Administrative professionals play a key role in the operations of an organisation and deserve proper recognition and respect.
The call for greater appreciation of what 'admin' professionals do, comes from recently-elected president of the National Association of Administrative Professionals (NAAP) Clayton Blackman.
"Executives of companies, presidents and prime ministers, are the decision-makers, yet it is their admin professional who runs things in the office. An admin's duties will vary from company to company but they are the ones who manage the boss' schedule, book flights and accommodation for business trips, plan and co-ordinate meetings, the list goes on," he told Business Day.
"Admin professionals are also usually the first point of contact for the public and other employees, so they are essentially the voice/face of the company and their boss. People sometimes dismiss or downplay the role of an admin when, in fact, they are a big part of the reason organisations function smoothly on a daily basis."
During his two-year term, Blackman intends to change this misconception while simultaneously increasing the public's awareness of NAAP.
NAAP – formerly known as the National Secretaries Association (nSa) – elected a new board of directors
during its 46th annual general meeting at nSa House, Fitzblackman Drive, Woodbrook on June 30. The theme for the 2018-2020 term of the new board is together towards tomorrow.
Blackman – a senior lecturer in management and entrepreneurship at the College of Science, Technology and Applied Arts of TT (COSTAATT) since August 2009 – is not only the first man to lead NAAP, he's also its only male member.
"There is still a perception among many in TT that admin professionals are women while there are men working in the field. I expect that seeing a man leading the organisation will help to break that stereotype. When other men see me in NAAP, I believe more men will feel confident and become members."
Blackman joined the association in 2013 but was associated with it long before, thanks to his wife – Eileen Blackman – having been a member "since the 1980s".
While Blackman wants to see more men both working as admins and joining NAAP, he doesn't want that to be the sole focus of his time in office.
The association turns 50 next year and as part of its celebrations, Blackman intends to re-introduce and re-brand the secretary of the year award.
"We changed our name from nSa to NAAP in 2010 to reflect the evolving role and duties of admin professionals. In recognition of this, I'd like to re-introduce the secretary of the year award during Administrative Professionals Week (APW) in 2019. We haven't given that out for quite a while, not since the late 1980s or early 1990s but when we bring it back, I want to make it a joint award for administrative professional of the year and boss of the year – those two usually go hand-in-hand. The actual title of the award has to be finalised and both people would have to submit their names for consideration."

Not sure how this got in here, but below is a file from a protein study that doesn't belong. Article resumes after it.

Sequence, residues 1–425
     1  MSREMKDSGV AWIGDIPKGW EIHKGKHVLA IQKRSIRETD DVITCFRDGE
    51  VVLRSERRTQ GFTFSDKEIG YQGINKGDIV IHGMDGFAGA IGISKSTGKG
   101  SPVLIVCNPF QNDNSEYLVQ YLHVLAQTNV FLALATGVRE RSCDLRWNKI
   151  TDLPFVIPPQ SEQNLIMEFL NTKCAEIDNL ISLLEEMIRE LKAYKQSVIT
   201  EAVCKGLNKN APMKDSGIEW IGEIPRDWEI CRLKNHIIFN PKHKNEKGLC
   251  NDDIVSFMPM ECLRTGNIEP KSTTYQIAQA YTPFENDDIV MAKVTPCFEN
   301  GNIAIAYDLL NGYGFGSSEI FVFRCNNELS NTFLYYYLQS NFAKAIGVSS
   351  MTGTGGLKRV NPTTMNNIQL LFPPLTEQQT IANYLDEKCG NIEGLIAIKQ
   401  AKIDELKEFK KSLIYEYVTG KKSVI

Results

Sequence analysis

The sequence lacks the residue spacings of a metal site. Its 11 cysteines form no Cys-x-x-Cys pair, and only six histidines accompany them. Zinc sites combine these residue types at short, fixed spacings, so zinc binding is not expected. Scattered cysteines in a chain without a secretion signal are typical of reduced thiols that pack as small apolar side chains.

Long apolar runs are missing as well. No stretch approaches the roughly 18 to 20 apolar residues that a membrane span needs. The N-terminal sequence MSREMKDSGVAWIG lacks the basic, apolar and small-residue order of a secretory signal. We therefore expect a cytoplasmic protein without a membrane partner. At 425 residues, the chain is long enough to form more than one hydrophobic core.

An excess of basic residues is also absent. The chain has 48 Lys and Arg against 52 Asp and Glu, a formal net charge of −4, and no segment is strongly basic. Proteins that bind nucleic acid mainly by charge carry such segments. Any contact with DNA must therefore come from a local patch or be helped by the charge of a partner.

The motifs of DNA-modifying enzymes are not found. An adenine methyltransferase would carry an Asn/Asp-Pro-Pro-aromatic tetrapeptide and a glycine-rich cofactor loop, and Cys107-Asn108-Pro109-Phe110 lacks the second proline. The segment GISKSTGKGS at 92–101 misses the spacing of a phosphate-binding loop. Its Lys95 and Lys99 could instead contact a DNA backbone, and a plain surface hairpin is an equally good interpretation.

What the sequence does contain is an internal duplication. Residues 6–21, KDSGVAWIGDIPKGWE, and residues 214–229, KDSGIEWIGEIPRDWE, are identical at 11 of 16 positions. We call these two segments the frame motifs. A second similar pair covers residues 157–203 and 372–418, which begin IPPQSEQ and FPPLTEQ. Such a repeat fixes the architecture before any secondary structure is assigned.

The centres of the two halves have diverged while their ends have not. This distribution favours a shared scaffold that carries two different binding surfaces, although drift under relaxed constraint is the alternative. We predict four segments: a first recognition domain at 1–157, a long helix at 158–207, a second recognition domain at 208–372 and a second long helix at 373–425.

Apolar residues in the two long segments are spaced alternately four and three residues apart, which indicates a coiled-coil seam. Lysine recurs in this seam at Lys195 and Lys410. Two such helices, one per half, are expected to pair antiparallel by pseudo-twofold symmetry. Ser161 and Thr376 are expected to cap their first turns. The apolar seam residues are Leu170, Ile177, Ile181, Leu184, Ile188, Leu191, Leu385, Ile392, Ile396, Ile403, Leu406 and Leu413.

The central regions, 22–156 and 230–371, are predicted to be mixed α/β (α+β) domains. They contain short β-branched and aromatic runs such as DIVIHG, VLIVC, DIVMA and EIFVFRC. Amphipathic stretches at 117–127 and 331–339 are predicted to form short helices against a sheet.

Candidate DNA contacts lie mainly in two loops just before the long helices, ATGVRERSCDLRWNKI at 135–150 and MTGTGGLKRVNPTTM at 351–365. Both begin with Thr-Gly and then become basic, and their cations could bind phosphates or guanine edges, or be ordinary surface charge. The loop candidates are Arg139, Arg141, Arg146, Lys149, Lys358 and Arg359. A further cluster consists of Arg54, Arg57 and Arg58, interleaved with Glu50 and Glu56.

Blackman is also "very much concerned" about succession planning, so he'll be targeting young professionals and experienced admins alike during his term.
"We have a youth arm, which I want to make a more active part of the association. (For example) APW – which we hold every April – includes a day where secondary school students get to learn all about admins, explore career options and so on. I would like to expand the number of schools taking part next year.
"I also want to open a chapter in San Fernando and re-establish our Tobago chapter by working with the Tobago House of Assembly (THA). Currently, we have about 30 members in Tobago. THA Chief Secretary Kelvin Charles has committed to assisting us in that. We plan to approach each of the THA secretaries and their administrative professionals, informing them about what we do and the benefits of being a member."
An education and membership drive will also be undertaken with human resource managers, whereby the association will request permission to make presentations to admin professionals at their companies.
Describing his leadership style as "very much democratic with an autocratic spin", Blackman told Business Day he's not a micro-manager and that each of NAAP's committees will be responsible for meeting their objectives. However, "there are times when the democratic leader must put their feet down and say, 'This is how it should be' and I will do so when necessary."
Prior to the 2018 AGM, the executive served one-year terms – Blackman held the post of honorary treasurer on the 2017-2018 executive.
The change was led by then president, Charmaine Gomez-Dolly, who Blackman said wanted to align a board's term with the association's financial year.
"Our financial year runs from April to March while our AGM is held in June. So changing the term from one year to two gives the treasurer time, about three months, to prepare audited financial results for the AGM. I'm proud to say that even with one-year terms, we kept on top of things and have audited financials for up to 2017," Blackman said.